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Summary of Annual Hydrologic Conditions - 1998

Volume 1: Surface Water

Precipitation and Reservoir Contents

Water year 1998 was a year of contrasts. The water year began and ended with below-normal precipitation and streamflow, but as a result of much greater than normal precipitation during the middle six months of the year, the yearly average for precipitation was greater than normal.

On October 27, the Delaware River Basin Commission (DRBC) issued a declaration of drought warning because of several months of below-normal precipitation. A declaration of drought warning in the Delaware River Basin is issued when the combined storage in three water-supply reservoirs in the upper part of the basin in New York falls below predetermined levels.

By January 13, above-normal precipitation, snowmelt, and water-use restrictions caused reservoir levels to increase sufficiently for the drought warning to be lifted. Precipitation during January through June was much greater than normal throughout the State, making it the third wettest January through June on record. (David Robinson, State Climatologist, Rutgers University, oral commun., 1999). During one 13-day period in May, some parts of the State received as much as 5 inches of rain. Water levels in many reservoirs reached spillway levels in April and continued to spill into June. By the end of June, weather patterns had shifted again, resulting in below-normal precipitation during July through September.

Water-year 1998 precipitation totals were above normal at the Trenton, Newark, and Atlantic City National Weather Service observer stations. The Trenton station recorded 50.7 inches of precipitation, which is 116 percent of the 30-year reference-period (1961-90) mean. The Newark station recorded 50.47 inches, which is 115 percent of the 30-year mean. The Atlantic City station recorded 46.5 inches, which is 115 percent of the 30-year mean. Figure 1 shows monthly precipitation at the three National Weather Service stations compared with the 30-year means.

Combined usable contents of the 13 major water-supply reservoirs in New Jersey were 54.5 billion gallons at the end of September 1997, which is 103 percent of the 30-year mean (normal) contents for the end of September, and 67.9 percent of capacity. Contents increased to a maximum of 80.1 billion gallons by the end of April, which is 112 percent of normal contents for the end of April, and 99.7 percent of capacity. By September 30, 1998, the contents had declined to the minimum contents for the water year, 45.7 billion gallons, which is 86.6 percent of normal contents for the end of September, and 56.8 percent of capacity (fig. 2). The term "usable contents" is used here as a measure of the total volume of water that can be removed from a reservoir without pumping, and does not account for the volume of water below the bottom of the lowest outlet or pipe (sometimes referred to as dead storage).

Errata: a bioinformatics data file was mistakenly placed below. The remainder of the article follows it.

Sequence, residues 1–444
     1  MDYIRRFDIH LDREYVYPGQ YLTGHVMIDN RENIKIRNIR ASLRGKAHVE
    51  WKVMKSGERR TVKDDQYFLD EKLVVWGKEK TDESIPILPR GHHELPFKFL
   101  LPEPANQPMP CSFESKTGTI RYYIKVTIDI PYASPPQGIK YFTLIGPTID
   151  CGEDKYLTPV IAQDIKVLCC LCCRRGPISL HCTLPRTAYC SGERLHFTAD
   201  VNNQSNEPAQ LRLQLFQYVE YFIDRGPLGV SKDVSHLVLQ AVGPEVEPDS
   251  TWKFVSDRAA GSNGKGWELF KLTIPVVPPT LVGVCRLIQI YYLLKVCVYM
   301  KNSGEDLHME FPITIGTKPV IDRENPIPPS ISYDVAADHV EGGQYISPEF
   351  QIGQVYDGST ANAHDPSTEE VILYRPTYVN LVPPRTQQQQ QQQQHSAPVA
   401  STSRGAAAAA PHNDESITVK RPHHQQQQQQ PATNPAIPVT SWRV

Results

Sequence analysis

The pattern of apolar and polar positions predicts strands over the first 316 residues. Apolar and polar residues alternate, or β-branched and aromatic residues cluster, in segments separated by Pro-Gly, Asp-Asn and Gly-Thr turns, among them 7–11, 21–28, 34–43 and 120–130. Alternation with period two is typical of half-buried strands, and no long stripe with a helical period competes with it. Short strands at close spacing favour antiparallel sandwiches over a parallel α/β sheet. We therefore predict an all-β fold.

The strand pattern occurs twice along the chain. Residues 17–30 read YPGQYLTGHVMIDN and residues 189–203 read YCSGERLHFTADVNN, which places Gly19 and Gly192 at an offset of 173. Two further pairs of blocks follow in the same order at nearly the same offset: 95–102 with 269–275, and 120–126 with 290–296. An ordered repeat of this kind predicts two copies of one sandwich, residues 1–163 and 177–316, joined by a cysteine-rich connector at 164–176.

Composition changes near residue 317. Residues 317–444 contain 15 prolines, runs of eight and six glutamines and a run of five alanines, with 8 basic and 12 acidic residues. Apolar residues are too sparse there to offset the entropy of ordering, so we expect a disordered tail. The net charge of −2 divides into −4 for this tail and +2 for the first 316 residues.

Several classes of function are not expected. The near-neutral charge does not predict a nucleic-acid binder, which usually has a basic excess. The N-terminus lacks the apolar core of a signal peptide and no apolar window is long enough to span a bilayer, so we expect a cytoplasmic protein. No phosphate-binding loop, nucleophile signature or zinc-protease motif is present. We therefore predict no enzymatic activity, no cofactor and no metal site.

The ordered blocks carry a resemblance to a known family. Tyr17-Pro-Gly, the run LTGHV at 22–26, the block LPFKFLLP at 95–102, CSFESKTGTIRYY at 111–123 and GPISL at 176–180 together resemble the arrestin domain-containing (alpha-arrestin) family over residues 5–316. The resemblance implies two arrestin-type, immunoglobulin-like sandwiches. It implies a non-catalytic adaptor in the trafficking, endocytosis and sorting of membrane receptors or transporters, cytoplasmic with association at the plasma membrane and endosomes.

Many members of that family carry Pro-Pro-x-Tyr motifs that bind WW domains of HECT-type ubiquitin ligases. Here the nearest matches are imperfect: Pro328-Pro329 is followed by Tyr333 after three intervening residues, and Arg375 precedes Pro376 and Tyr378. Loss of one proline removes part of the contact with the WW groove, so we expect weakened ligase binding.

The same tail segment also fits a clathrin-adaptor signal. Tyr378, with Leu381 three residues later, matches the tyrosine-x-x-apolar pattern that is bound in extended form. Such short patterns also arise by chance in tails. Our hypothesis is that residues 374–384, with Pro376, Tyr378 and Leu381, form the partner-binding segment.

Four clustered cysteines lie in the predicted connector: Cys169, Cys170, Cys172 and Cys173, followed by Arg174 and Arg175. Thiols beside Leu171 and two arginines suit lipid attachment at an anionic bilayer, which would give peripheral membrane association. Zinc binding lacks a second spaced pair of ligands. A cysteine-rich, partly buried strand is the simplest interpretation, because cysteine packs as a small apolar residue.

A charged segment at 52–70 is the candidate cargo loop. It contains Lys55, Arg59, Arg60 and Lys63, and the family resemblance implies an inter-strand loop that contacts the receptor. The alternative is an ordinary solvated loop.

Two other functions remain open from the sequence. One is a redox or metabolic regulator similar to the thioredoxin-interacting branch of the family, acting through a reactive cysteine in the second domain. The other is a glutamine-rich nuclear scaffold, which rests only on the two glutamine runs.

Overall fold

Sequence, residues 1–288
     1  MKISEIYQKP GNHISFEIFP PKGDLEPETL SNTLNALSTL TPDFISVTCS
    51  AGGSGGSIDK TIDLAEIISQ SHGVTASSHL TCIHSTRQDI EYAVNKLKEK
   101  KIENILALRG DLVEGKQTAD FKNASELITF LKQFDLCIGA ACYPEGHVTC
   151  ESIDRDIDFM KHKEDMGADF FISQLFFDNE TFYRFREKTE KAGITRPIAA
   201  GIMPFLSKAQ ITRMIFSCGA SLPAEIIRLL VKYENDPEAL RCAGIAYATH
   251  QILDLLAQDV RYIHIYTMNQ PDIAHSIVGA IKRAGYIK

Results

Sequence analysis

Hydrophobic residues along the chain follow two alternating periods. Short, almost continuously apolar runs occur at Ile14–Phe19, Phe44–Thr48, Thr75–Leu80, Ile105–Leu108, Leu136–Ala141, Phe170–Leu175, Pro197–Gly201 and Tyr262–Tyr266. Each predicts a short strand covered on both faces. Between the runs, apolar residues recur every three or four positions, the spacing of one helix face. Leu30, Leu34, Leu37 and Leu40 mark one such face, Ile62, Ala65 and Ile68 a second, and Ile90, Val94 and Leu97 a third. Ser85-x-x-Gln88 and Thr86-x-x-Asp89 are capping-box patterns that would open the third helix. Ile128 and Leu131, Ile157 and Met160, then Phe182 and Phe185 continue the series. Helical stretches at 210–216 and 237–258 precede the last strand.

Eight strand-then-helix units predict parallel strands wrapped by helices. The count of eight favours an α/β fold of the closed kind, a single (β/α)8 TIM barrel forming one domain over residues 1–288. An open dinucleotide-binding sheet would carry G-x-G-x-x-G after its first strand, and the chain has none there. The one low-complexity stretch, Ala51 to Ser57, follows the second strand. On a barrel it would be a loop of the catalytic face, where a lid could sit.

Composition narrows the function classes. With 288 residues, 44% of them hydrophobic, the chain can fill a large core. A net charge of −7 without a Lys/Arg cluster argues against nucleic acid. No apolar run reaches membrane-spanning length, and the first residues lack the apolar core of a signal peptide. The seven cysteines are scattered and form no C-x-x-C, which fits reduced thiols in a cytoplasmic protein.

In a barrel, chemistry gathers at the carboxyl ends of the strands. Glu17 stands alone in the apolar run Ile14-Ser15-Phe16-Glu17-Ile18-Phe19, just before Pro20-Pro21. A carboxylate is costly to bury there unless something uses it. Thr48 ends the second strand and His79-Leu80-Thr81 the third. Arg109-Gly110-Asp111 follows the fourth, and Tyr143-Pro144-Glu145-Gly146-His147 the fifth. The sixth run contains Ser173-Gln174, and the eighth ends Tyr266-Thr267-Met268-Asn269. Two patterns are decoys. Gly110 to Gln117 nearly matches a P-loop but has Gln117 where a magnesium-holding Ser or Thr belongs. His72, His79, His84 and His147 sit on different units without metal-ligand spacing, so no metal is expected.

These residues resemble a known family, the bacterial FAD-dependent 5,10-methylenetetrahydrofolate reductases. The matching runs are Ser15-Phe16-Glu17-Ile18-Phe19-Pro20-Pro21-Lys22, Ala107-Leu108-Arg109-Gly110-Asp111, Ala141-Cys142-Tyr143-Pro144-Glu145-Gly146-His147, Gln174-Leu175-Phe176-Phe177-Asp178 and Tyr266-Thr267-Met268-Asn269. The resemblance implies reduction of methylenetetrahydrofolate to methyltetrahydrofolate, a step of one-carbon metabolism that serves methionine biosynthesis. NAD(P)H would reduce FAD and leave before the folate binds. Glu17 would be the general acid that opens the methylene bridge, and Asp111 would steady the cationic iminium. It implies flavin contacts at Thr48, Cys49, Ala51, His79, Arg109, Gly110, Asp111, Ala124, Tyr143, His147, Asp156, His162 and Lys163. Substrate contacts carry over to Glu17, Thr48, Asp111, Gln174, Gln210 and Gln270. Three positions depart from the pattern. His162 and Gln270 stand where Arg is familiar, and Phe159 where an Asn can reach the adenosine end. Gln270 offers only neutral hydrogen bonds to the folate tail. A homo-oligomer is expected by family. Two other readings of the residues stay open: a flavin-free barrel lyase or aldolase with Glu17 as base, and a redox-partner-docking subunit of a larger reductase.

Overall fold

Figure 1. Monthly precipitation at three National Weather Service locations. Figure 2. Combined usable contents of 13 major water-supply reservoirs.
Figure 1 Figure 2



The first noteworthy hydrologic event of the water year was the tidal flooding (at high tide) on November 7 that caused beach erosion in Atlantic and Ocean Counties. Several "Nor'easters" in November, December, and January brought more tidal flooding and beach erosion in Atlantic and Ocean Counties. The "Nor'easter" of February 4 packed more force than previous ones, and resulted in widespread flooding and $17 million in property damage. Governor Christine Whitman declared Monmouth, Ocean, Atlantic and Cape May Counties to be disaster areas.

Streamflow at the index station for northern New Jersey (South Branch Raritan River near High Bridge) averaged 119 ft3/s for the water year, which is 96.7 percent of the 1919-98 average. Streamflow at the index station for southern New Jersey (Great Egg Harbor River at Folsom) averaged 87.6 ft3/s, which is 102 percent of the 1926-98 average. The observed annual mean discharge of the Delaware River at Trenton was 12,810 ft3/s, which is 109 percent of the 1913-98 average. The Delaware River is highly regulated by reservoirs and diversions. Monthly mean discharge at each of these index gaging stations during the current water year and the long-term normal monthly discharge are shown in figure 3. Annual mean discharge at each of these index gaging stations and the mean annual discharge for the period of record are shown in figure 4. Peak discharges at selected streamflow-gaging stations in the State are listed in table 1 (view table in pdf format).

Figure 3. Monthly discharge at index gaging stations. Figure 4. Annual mean discharge at index gageing stations. Table 1. Instantaneous peak discharge
for water year 1998 and maximum
instantaneous peak discharge for
period of record prior to the 1998
water year at selected sites
in New Jersey
Figure 3 Figure 4 Table 1


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